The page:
UK Players Urged To Check Tickets After Record EuroMillions Win
The hunt is on for the UK’s biggest lottery winner of all time after a single EuroMillions ticket from the country matched all the numbers on Tuesday 8th October to land £170 million. The lucky player has 180 days from the date of the draw to come forward.
Tuesday’s draw had to be won after the jackpot had stayed at its €190 million cap four times in a row - the most that is allowed under the rules of the game. In the fifth draw at €190 million, the money goes to the highest prize category in which there are winners.
However, there was no need for the jackpot to roll down to players in a lower category on Tuesday as one participant finally matched all the winning numbers - 7, 10, 15, 44 and 49, plus Lucky Stars 3 and 12 - for the first time since Friday 19th July.
Andy Carter, the UK National Lottery’s Senior Winners’ Advisor, said: “What a stunning night for UK players. Everyone should check their tickets to see if they are the lucky winner. Once we have a call we will start to support the ticket holder as they start enjoying their life-changing win.”
When Will The Prize Be Claimed?
The jackpot could now be claimed anytime up to 5th April 2020. If nobody comes forward before that deadline, the money will be transferred to the Good Causes Fund to support various charitable projects throughout the UK.
Most winners claim their prizes within a week or two of the draw taking place, but some players may prefer to take a bit of time to let the news sink in, or they may not check their tickets very regularly.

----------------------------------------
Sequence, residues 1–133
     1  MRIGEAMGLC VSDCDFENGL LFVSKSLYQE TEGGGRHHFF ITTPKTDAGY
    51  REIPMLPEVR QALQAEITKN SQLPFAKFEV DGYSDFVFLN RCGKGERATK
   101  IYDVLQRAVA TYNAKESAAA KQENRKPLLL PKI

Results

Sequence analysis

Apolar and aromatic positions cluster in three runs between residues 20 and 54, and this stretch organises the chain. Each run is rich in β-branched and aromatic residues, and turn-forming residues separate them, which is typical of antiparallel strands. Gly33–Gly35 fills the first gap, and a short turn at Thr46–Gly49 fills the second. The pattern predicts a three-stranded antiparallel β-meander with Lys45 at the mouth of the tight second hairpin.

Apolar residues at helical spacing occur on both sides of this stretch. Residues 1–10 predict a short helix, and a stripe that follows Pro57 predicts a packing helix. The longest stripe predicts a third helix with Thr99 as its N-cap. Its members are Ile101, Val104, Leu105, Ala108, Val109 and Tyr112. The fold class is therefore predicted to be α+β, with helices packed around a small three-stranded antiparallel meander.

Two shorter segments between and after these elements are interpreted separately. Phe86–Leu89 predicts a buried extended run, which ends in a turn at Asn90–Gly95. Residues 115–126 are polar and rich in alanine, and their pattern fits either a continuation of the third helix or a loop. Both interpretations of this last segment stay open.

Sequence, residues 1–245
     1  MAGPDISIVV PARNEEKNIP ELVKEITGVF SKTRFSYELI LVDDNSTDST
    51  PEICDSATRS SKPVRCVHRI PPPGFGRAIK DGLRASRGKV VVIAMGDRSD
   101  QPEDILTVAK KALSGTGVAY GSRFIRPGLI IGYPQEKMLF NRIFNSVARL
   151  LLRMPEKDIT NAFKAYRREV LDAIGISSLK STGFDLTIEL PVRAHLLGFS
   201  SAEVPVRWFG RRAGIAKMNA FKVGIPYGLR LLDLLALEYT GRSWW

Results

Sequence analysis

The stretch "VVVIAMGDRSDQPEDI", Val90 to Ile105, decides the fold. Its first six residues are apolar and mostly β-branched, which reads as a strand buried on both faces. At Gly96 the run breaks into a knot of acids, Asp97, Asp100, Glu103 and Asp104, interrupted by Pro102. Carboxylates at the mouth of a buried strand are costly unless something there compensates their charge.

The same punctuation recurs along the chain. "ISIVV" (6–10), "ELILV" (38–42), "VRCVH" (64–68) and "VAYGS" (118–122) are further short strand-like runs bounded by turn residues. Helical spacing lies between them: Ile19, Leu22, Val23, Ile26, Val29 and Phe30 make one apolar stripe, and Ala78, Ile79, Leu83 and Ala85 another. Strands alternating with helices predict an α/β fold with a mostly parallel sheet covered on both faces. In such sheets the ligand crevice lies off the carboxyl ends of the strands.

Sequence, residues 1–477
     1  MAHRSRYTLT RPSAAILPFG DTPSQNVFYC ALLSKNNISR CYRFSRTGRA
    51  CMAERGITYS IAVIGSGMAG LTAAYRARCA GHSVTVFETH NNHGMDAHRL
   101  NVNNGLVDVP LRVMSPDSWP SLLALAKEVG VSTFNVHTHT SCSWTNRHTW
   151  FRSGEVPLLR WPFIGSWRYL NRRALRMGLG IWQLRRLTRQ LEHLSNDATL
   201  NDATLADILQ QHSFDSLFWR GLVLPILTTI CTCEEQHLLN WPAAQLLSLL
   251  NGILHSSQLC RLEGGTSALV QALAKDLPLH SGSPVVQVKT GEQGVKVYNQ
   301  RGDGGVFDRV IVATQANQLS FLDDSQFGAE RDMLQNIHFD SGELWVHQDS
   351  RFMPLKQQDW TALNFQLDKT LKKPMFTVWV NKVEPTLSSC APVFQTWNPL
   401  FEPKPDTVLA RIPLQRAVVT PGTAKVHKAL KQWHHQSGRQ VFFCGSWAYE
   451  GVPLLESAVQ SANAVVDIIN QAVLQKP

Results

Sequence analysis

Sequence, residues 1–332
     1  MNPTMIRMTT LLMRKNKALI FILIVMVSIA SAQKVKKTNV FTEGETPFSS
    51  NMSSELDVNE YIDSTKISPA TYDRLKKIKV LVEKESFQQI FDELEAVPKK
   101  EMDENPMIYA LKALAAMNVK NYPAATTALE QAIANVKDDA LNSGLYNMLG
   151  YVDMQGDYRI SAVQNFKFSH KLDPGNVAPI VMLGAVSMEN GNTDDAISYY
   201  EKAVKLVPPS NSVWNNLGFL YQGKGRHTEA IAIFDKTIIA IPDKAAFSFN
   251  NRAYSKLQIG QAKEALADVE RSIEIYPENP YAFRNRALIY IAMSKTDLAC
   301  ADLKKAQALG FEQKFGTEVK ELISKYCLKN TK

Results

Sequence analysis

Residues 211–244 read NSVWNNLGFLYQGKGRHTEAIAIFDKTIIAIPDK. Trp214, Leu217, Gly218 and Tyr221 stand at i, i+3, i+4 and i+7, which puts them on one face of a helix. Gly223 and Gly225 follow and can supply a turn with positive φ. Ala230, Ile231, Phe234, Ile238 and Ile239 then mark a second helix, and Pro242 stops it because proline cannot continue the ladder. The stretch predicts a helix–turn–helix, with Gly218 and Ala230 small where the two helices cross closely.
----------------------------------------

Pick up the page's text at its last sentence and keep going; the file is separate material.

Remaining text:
The National Lottery will not disclose any information about the winning ticket in the first couple of weeks after a draw, leaving the player to come forward in their own time in case they wish to remain anonymous or at least keep details of where they purchased their ticket a secret.
However, lottery officials will then announce the area where the entry was bought - if it was a retail purchase rather than online - approximately 14 days later. This is to raise awareness in that particular location that there has been a big winner, in case the player has forgotten to check their entries.
Publicity events will even take place in the winning area, with the lottery sending out members of its team to try and jog people’s memories. Anyone who has lost a ticket in the area and thinks they might have won should contact the National Lottery with as much information as they can about where and when they played, so that this can be checked against official records. However, appeals such as this must be submitted within 30 days of the draw. If the National Lottery is satisfied that someone has lost the winning ticket, they may be paid out once 180 days have passed if nobody else has come forward.
After 30 days, it is only possible to receive a prize by coming forward with a valid winning ticket. Big winners will then be asked whether they wish to go public or keep their identity private.
The two biggest winners in the UK before Tuesday’s draw both opted for publicity. Colin and Christine Weir from Scotland landed £161 million back in July 2011, before Adrian and Gillian Bayford landed £148 million in August 2012. It remains to be seen whether the latest winner follows suit.
It is only the fourth time that EuroMillions’ maximum prize of €190 million has been won, and extends a remarkable year that has seen several nine-figure jackpots awarded already. Draws continue every Tuesday and Friday night and you can see the latest EuroMillions Results after every draw.